High school and youth football is alive and well in the Garden State
It remains unclear if football will continue at West Windsor's two high schools.
Over the past few years, the number of players signing up for the sport has been declining, and there are fears West Windsor-Plainsboro High School North and South may may soon not be able to field teams.
But according to Jack DuBois, assistant director of the New Jersey State Interscholastic Athletic Association, the problem is not widespread.
“There are perhaps communities (where) demographics dictate that those student athletes in their building are gravitating towards a different interscholastic athletic experience rather than football,” he said.
But “the participation levels in football in New Jersey have been steady.”
DuBois said with so much talk these days about concussions and other injury issues in pro football, “we have implemented several safety procedures and protocols.”
He said new summer guidelines and regulations will soon take effect, limiting summer football practices. For the regular fall football season, teams will be allowed “90 minutes of contact per week, no more than that.”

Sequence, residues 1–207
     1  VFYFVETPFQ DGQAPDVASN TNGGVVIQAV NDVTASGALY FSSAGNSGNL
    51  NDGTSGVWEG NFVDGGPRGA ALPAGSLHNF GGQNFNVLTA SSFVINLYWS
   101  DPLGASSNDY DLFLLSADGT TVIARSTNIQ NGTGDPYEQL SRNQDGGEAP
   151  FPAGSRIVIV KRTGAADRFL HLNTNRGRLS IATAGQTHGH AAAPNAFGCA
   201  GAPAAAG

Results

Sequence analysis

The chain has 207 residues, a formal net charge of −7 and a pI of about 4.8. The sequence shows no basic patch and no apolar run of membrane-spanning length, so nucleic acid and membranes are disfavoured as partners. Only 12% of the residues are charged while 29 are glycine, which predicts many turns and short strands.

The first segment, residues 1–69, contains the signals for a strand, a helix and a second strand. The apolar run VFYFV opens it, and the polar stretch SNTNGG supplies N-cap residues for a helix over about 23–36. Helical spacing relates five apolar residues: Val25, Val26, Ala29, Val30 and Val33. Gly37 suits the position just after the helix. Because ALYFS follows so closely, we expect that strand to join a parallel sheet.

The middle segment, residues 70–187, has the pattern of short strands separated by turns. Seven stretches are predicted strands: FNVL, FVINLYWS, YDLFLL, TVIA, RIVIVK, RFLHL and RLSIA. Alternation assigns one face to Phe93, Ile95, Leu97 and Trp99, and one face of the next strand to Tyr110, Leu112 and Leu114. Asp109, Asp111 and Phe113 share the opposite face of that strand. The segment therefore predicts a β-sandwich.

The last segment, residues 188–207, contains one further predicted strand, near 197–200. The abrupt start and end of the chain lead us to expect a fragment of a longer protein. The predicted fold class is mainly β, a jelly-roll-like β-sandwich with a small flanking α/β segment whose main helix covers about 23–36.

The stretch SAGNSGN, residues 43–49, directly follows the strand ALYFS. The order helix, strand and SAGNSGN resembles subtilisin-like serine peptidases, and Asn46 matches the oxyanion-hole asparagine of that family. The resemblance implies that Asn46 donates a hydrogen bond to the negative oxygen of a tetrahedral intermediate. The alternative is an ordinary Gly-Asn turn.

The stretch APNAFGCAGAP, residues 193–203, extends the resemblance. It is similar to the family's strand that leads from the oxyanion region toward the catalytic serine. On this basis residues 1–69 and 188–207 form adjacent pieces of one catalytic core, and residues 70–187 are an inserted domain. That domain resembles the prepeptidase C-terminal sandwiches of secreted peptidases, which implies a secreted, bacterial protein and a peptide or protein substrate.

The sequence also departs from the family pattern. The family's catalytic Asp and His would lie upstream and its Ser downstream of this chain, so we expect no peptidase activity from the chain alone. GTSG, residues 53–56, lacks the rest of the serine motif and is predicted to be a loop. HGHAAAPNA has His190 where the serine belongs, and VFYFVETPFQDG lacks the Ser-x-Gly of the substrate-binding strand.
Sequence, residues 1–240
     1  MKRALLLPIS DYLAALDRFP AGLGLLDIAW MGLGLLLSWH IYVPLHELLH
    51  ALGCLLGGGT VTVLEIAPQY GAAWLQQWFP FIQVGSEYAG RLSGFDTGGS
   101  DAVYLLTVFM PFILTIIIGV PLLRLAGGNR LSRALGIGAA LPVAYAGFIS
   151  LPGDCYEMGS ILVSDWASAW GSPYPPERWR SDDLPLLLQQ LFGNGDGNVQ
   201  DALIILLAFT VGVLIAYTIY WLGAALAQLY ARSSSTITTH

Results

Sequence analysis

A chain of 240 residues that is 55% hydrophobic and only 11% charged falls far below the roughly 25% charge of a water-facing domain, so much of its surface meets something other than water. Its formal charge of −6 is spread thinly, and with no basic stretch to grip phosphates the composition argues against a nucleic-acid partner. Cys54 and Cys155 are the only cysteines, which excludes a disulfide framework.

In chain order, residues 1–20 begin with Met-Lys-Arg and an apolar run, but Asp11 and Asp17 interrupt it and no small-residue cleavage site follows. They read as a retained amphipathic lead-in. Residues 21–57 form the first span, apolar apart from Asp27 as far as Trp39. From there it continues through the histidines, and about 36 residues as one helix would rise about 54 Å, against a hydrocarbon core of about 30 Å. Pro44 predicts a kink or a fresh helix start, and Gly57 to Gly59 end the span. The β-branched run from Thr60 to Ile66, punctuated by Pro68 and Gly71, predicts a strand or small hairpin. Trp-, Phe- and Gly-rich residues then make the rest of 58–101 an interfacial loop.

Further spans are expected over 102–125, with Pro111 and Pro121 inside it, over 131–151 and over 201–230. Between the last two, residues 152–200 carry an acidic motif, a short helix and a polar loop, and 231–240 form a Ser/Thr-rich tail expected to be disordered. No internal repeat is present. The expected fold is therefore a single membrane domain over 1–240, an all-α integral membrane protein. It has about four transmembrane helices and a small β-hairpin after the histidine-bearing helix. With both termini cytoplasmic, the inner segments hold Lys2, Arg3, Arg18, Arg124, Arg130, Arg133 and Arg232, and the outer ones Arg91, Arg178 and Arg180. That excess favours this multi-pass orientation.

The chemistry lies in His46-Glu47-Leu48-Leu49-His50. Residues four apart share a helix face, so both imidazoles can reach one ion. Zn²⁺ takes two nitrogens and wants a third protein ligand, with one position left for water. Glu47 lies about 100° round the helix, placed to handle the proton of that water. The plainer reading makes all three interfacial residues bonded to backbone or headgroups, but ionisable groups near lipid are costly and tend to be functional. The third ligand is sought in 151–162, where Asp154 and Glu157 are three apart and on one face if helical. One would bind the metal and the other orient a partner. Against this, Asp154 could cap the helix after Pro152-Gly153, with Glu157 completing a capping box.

Lou Montanaro, president of New Jersey American Youth Football, said recruitment efforts for youth football in the Garden State are going quite well.
“Our numbers are up across the board for tackle football between the ages of 7 and 14. It’s pretty exciting for us,” he said.
Montanaro said part of the reason why participation in New Jersey is increasing is the emphasis on safety.
“We have concussion training and safer tackling techniques. Coaches’ education has been huge for us, and the numbers are up,” he said.
He said American Youth Football has about 12,000 players and cheerleaders, with 186 teams spread out over 37 Garden State towns.
DuBois said NJSIAA coaches and athletic directors go through rigorous training on heat acclimatization and concussion awareness as well as first aid and CPR.
“We have the pre-participation physical, we have the physicals. One of our major focuses is obviously to make interscholastic competition in athletics a safe experience,” he said.
“New Jersey’s in the forefront of the safety procedures and protocols for student athletes participating in football," he said.
A spokesman for Pop Warner football told Townsquare Media News in an email player participation levels in New Jersey have remained steady over the past three years.
You can contact reporter David Matthau at David.Matthau@townsquaremedia.com.
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